The thyroid status was investigated in 26 pregnant African women at term delivery in an iodine-deficient region (Jengere) of Nigeria, West Africa including the measurement of serum T4, T3, TSH, thyroxine binding capacity, TBG, free thyroxine index (FT4I) and the results were matched with those obtained in a corresponding group of 46 women at delivery in Jos, the non-iodine-deficient region which was used as a control. Corresponding cord-blood samples were obtained from all the neonates of the two groups. Twenty-three urinary samples in the former and 14 in the latter group were analysed for iodide levels to ascertain the degree of iodine deficiency. The results demonstrate that compared to the values seen in the Jos group the maternal serum T4, T3 and FT4I levels were significantly reduced in the iodine-deficient group, while TSH, TBG and thyroxine binding capacity were elevated. Cord serum samples showed a corresponding fall in T4 and FT4I levels in the group from the iodine-deficient region, while the T3 levels were significantly elevated with a concurrent significant rise in TSH and TBG levels. Significant correlations were found between the maternal and cord serum T4, TSH, TBG, thyroxine binding capacity and FT4I levels, but not T3. From these findings we suggest that fetal T3 plays an important defensive role against the danger of long-standing environmental iodine deficiency.
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Amirav Gordon and Theodore Coutsoftides
The binding properties of mouse serum for L-3'5'3,5 tetraiodothyronine (T4) and L-3'3,5, triiodothyronine (T3) were investigated by agar gel electrophoresis in several buffer systems at pH 7.4 and pH 8.6. Mouse serum binds T4 and T3 in the albumin and the α-globulin regions; these were designated as mouse thyroxine binding albumin (TBA) and mouse thyroxine binding globulin (TBG). The fractional distribution of T4 varied with the buffer, the pH and the molarity of the system. Mouse TBG contained two binders, the first with a binding capacity of 14.0 × 10−7 m and the second with a binding capacity of 54.3 × 10−7 m. The effect of various inhibitors on thyroxine binding by mouse TBG suggests that mouse TBG behaves in some respects like human TBG and in other respects like human thyroxine-binding pre-albumin (TBPA).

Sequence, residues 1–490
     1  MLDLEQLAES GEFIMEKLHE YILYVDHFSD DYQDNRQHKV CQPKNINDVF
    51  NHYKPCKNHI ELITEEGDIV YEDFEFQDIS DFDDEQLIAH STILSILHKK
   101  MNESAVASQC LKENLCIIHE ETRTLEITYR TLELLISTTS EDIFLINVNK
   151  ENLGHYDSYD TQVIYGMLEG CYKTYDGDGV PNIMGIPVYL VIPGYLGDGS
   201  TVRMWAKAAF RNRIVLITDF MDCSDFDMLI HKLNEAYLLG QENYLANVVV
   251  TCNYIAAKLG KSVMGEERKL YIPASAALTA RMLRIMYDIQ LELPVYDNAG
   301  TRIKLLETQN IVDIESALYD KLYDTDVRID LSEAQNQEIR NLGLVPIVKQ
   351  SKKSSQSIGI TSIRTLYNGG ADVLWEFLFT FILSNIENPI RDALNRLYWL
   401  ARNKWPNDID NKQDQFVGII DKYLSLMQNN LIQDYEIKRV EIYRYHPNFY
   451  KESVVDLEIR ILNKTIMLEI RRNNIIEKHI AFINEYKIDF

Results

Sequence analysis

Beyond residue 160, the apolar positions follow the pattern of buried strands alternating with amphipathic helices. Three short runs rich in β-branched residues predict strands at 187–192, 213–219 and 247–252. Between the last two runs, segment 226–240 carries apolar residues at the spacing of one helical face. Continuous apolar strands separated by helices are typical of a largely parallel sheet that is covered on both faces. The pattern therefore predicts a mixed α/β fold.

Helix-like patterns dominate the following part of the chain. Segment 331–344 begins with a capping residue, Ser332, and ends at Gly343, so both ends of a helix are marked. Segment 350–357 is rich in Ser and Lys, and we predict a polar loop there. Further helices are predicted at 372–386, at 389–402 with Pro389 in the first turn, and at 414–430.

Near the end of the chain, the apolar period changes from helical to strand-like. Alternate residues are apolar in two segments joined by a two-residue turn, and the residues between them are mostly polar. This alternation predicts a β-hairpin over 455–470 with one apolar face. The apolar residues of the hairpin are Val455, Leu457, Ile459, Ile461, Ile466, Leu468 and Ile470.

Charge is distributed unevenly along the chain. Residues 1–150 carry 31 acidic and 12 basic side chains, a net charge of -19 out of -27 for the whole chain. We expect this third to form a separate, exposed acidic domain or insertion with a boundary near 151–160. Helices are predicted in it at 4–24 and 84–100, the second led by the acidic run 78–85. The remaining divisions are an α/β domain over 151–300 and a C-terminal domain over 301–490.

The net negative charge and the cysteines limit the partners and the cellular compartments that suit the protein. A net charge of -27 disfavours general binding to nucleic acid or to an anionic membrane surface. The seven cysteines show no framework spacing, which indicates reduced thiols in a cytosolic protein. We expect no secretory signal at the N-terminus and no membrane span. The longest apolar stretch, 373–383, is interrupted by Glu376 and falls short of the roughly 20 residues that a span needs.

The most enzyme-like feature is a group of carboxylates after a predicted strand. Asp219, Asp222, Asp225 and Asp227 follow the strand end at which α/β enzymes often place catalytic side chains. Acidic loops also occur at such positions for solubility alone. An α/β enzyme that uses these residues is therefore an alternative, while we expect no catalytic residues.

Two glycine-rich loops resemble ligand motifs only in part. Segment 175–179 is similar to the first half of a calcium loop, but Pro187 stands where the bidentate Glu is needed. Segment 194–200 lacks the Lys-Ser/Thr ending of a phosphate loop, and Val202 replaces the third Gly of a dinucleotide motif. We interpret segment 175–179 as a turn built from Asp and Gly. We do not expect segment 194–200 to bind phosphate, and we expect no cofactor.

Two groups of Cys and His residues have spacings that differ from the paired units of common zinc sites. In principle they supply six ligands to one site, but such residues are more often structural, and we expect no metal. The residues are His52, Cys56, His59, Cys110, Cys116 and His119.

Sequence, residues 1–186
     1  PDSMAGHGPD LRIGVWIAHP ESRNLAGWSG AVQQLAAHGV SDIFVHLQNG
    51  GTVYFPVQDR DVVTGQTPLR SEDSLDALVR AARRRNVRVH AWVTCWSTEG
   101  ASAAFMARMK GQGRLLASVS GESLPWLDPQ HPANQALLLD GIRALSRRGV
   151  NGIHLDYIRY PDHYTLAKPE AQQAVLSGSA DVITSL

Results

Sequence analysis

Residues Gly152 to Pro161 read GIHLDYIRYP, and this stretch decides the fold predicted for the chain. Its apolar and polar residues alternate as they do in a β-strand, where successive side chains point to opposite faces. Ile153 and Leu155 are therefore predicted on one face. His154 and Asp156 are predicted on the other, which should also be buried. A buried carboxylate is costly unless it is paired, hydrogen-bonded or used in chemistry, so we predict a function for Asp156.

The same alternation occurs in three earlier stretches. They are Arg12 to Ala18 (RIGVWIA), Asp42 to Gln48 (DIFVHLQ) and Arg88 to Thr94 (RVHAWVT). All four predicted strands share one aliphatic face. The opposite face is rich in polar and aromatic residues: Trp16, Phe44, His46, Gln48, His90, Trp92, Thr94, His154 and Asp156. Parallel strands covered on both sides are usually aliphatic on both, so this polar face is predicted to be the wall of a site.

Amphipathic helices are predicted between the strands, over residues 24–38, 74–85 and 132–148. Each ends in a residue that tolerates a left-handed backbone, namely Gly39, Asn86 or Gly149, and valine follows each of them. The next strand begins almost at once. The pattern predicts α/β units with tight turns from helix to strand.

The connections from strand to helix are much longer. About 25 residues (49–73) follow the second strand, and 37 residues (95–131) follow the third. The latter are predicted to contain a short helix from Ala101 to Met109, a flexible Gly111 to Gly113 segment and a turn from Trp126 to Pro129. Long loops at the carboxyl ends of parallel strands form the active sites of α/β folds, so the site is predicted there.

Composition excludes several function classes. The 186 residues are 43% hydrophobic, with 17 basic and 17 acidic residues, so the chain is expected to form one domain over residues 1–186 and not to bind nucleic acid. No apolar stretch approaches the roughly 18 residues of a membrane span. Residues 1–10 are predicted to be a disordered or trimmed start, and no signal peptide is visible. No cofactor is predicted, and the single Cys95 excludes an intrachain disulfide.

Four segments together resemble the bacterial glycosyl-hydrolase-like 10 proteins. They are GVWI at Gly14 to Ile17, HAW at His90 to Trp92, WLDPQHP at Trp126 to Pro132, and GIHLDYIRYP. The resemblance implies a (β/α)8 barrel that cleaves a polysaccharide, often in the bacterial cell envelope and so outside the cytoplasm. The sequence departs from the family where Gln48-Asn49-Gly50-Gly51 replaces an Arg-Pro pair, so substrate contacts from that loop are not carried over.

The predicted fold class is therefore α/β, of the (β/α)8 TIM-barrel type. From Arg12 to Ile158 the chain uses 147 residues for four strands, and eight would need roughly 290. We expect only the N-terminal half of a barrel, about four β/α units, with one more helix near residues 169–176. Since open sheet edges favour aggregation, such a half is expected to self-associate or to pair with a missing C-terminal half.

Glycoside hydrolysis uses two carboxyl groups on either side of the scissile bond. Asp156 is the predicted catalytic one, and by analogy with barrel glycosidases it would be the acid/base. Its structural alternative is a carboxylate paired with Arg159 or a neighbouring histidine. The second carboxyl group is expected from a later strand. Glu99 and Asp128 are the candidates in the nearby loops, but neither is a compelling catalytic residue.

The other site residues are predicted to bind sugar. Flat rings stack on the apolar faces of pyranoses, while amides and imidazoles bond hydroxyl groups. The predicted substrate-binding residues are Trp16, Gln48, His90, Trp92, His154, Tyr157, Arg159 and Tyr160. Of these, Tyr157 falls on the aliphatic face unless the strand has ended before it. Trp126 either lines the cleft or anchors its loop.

Johannes Pfeilschifter and Reinhard Ziegler
Based on findings that thyroxine may have a beneficial effect on the recurrence of Graves' hyperthyroidism, we prospectively studied the effects of a TSH suppressive treatment with thyroxine on the course of Graves' disease in fifty patients with recent onset of hyperthyroidism. After the normalization of serum tri-iodothyronine (T3) and thyroxine (T4) concentrations, one group of patients was randomly assigned to a combined treatment with carbimazole and a TSH suppressive dose of T4 for 12 months, followed by another 12 months of TSH suppressive therapy alone. The other group of patients also received carbimazole for one year, but T4 was only added as indicated to normalize elevated TSH serum concentrations, and patients received no therapy during the second year. By the end of the second year, a relapse of hyperthyroidism had occurred in 43% of the patients with and in 45% of the patients without suppressive T4 treatment. In those patients without a relapse of hyperthyroidism, initial thyroid size significantly (P = 0·01) decreased with time in both treatment groups. However, patients on suppressive T4 treatment tended to have a greater reduction in thyroid volume than patients with normal TSH serum concentrations (P = 005). In conclusion, we were unable to detect a preventive effect of exogenous TSH suppression on the recurrence of hyperthyroidism. However, our data suggest that TSH suppressive treatment may have a beneficial effect on thyroid enlargement in Graves' disease.
European Journal of Endocrinology 136 81–86
Shi-Wen Kuo, Wen-Sheng Huang, Chan-An Hu, Wen-Kuei Liao, Tsi-Chiang Fung, and Sing-Yung Wu
Kuo SW, Huang W-S, Hu C-A, Liao W-K, Fung T-C, Wu S-Y. Effect of thyroxine administration on serum thyrotropin receptor antibody and thyroglobulin levels in patients with Graves' hyperthyroidism during antithyroid drug therapy. Eur J Endocrinol 1994;131:125–30. ISSN 0804–4643